Carnegie Mellon’s best-kept secret — and the ’Burgh’s latest
You’ve oohed and ahhed over the rare book section in Hunt Library, contributed your own personal millimeter to the Fence, and you know the Kraus Campo like the back of your hand. Is it possible you’ve exhausted all the interesting parts of Carnegie Mellon? Doubtful. There’s one campus hot spot that has eluded almost everyone: the recording studio.
Many students are unaware that Carnegie Mellon even has one. Nestled in the basement of CFA, room A6 is not your typical classroom or lecture hall. It looks like the real deal, similar to the image you probably have in your head from all those episodes of Behind the Music. Rainbow-colored wires connect computers to monitors to mixing boards, soundproof doors make you feel a combination of isolated and cozy, and there are plenty of pairs of high-quality headphones to go around.
But the scene would hardly be complete without the presence of professor Riccardo Schulz, instructor to the College of Fine Arts’ Sound Mastering and Editing and Sound Recording classes. Most of the time, you can find Schulz somewhere in between a multitude of tasks: adjusting knobs amid a jungle of equipment, rigging microphones as needed, and directing his students via laser pointer, to name a few. Of his domain, the recording studio, Schulz said proudly, “This is probably the best kept secret in Carnegie Mellon.”
The secret’s out
From the acoustics to the equipment, the recording studio is an impressive part of Carnegie Mellon and an unlikely resource in the city of Pittsburgh. The studio is connected to the two recital halls in the College of Fine Arts building, the Alumni Concert Hall and Kresge Theater, so that technicians can record them from below. Such a setup is unusual as studios go, and it’s great for large sets of performers like orchestral groups, which are better suited to play on stage than in a recording room.
The recording studio is only four years old. It has occupied a portion of the CFA basement ever since the drama department was relocated. “Whatever money they did spend, they spent very well,” said Schulz. The acquired territory spans three rooms: the actual studio, where most of the machinery can be found, and two recording rooms, one small and one large. Prior to taking his class, most of Schulz’s students didn’t even know the studio was there.
Schulz’s teaching philosophy is one of plunging right in to new material. “In this class I expect you to do professional work from the get-go,” he told the class. “Use all the skills that you have.” And it was only the first week. Some professors have guest speakers. Schulz brings in a guest rapper. Meet Freestyle, an up-and-coming hip-hop artist native to the ’Burgh. He’s been working with Schulz for three years now. When Schulz dropped by the studio on August 30, Freestyle was there to record three tracks off his upcoming album. “This is trial by fire today since it’s only their second class,” said Schulz to to his guest, who was unfazed by the news.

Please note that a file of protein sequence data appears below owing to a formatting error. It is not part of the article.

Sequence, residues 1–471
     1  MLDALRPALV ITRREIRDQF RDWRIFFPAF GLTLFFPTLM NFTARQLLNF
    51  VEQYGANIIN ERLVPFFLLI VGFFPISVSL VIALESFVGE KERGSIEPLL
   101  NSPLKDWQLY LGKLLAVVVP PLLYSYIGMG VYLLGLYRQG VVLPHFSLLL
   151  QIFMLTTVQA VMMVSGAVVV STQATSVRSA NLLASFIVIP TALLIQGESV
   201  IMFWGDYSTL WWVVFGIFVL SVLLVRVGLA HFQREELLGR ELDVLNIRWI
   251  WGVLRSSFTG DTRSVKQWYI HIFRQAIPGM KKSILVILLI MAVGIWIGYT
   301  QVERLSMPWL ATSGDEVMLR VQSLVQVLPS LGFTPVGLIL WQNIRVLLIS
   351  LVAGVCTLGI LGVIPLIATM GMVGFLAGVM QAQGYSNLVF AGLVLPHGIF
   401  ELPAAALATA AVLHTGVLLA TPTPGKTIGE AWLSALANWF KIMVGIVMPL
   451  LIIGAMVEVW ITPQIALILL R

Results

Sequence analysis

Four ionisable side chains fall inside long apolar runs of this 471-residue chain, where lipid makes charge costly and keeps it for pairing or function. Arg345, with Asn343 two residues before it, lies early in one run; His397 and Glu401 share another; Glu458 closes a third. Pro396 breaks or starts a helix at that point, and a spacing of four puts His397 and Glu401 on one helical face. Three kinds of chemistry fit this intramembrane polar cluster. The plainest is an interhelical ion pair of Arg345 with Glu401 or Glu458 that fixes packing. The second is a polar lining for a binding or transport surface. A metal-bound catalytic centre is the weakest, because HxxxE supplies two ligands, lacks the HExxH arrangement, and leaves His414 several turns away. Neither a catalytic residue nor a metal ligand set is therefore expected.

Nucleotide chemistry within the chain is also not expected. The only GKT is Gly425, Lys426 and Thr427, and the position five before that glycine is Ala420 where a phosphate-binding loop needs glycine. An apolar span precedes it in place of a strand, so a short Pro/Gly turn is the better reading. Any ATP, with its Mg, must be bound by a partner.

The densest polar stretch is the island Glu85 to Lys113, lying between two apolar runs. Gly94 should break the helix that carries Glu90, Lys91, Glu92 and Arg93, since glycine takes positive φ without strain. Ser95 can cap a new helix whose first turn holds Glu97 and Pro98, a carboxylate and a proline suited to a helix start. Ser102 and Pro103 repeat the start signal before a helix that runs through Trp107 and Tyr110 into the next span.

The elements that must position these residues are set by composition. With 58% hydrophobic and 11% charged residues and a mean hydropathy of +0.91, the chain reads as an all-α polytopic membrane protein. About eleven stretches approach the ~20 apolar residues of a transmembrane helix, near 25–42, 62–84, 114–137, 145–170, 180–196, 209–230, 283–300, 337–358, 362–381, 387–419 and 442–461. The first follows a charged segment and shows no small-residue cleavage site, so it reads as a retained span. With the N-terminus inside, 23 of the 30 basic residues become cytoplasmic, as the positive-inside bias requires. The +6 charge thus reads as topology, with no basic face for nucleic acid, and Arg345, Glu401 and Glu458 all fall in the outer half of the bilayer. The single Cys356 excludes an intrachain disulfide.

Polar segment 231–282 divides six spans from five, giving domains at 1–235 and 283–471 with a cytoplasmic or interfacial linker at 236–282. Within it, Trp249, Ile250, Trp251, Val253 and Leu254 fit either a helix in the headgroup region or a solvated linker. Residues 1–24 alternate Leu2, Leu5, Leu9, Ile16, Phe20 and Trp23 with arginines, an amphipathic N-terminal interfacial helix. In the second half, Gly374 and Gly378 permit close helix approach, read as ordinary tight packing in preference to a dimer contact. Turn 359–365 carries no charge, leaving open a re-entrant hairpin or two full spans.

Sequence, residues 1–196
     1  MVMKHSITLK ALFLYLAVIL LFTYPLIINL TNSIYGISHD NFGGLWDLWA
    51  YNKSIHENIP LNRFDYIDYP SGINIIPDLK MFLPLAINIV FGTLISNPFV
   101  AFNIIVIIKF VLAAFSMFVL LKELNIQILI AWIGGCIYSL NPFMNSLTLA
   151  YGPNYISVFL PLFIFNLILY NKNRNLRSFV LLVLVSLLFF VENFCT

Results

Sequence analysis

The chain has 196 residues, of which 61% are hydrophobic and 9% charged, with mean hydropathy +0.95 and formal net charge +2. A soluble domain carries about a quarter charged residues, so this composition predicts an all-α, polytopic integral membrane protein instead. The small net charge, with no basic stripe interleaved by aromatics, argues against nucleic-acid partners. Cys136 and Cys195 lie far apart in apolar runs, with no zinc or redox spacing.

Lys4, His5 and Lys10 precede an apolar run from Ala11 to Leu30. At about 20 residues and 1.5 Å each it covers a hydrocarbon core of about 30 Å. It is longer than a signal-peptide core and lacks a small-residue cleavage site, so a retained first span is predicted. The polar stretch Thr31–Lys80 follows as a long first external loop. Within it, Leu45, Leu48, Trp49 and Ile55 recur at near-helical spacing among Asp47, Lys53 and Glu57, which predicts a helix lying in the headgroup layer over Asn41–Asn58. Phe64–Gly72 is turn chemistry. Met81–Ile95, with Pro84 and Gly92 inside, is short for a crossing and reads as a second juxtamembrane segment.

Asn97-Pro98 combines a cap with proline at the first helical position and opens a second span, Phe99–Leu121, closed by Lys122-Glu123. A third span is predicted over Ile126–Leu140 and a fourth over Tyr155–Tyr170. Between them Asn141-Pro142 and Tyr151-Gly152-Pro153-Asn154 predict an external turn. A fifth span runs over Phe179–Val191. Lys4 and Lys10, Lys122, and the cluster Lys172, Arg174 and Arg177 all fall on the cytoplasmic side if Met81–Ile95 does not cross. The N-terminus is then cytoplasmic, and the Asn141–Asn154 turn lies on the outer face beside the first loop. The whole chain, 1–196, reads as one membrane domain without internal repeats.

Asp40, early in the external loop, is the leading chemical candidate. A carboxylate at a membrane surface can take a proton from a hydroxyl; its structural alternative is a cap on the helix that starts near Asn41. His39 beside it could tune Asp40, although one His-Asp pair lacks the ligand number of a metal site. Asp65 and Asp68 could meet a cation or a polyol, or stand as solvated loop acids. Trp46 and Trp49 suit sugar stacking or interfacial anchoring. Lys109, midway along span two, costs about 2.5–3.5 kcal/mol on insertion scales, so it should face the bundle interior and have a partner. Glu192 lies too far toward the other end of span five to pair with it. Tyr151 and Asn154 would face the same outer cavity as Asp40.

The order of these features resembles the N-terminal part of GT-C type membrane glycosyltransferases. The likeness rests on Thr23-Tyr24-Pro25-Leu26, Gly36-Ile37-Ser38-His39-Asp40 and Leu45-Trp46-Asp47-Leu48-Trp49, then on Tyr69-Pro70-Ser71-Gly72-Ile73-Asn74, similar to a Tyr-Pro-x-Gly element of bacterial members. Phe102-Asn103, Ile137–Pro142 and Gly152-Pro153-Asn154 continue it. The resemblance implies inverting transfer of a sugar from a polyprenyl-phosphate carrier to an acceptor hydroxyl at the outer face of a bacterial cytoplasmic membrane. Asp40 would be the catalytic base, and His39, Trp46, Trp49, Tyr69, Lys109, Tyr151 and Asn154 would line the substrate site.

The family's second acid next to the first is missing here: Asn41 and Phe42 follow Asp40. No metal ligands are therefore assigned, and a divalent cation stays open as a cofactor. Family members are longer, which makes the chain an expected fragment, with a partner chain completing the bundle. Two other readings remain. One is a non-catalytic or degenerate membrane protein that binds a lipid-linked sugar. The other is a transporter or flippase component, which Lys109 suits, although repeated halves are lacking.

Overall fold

The cast of would-be sound engineers comprised the 21 students enrolled in Sound Recording, a class which has no prerequisite. Schulz mentioned that the original roster left space for 12. “I keep encouraging them to drop out,” he joked. A room full of inexperienced undergraduates was slated to help record the music of a legitimate performer, and nobody saw this as a problem. In the words of Schulz: “There is no learning curve.”
How it works
“Who wants to come up now?” That phrase must have been uttered at least a dozen times. Schulz was eager to encourage each member of his class to give the recording desk a try. Everyone got to participate, and a lucky few were even given the opportunity to become a part of the album. Freestyle was all in favor of student cameos: Sophomore creative writing major Marian Mereba spoke a segment for one of the intros, and a slew of male volunteers rapped backup for the last song of the night.
What better way to learn about the process than to do it yourself? In the studio, start off by working with tracks. Sound engineers work with several at a time. One track will be the song’s beat, the prerecorded background music. The next track will be the performer’s main vocals. Freestyle wanted to have himself on two tracks at once, the second of which is called an “ad-lib.” This gives an effect standard in many of today’s songs where the artist can be heard singing two different things at the same time. The student contributions were also put on separate tracks.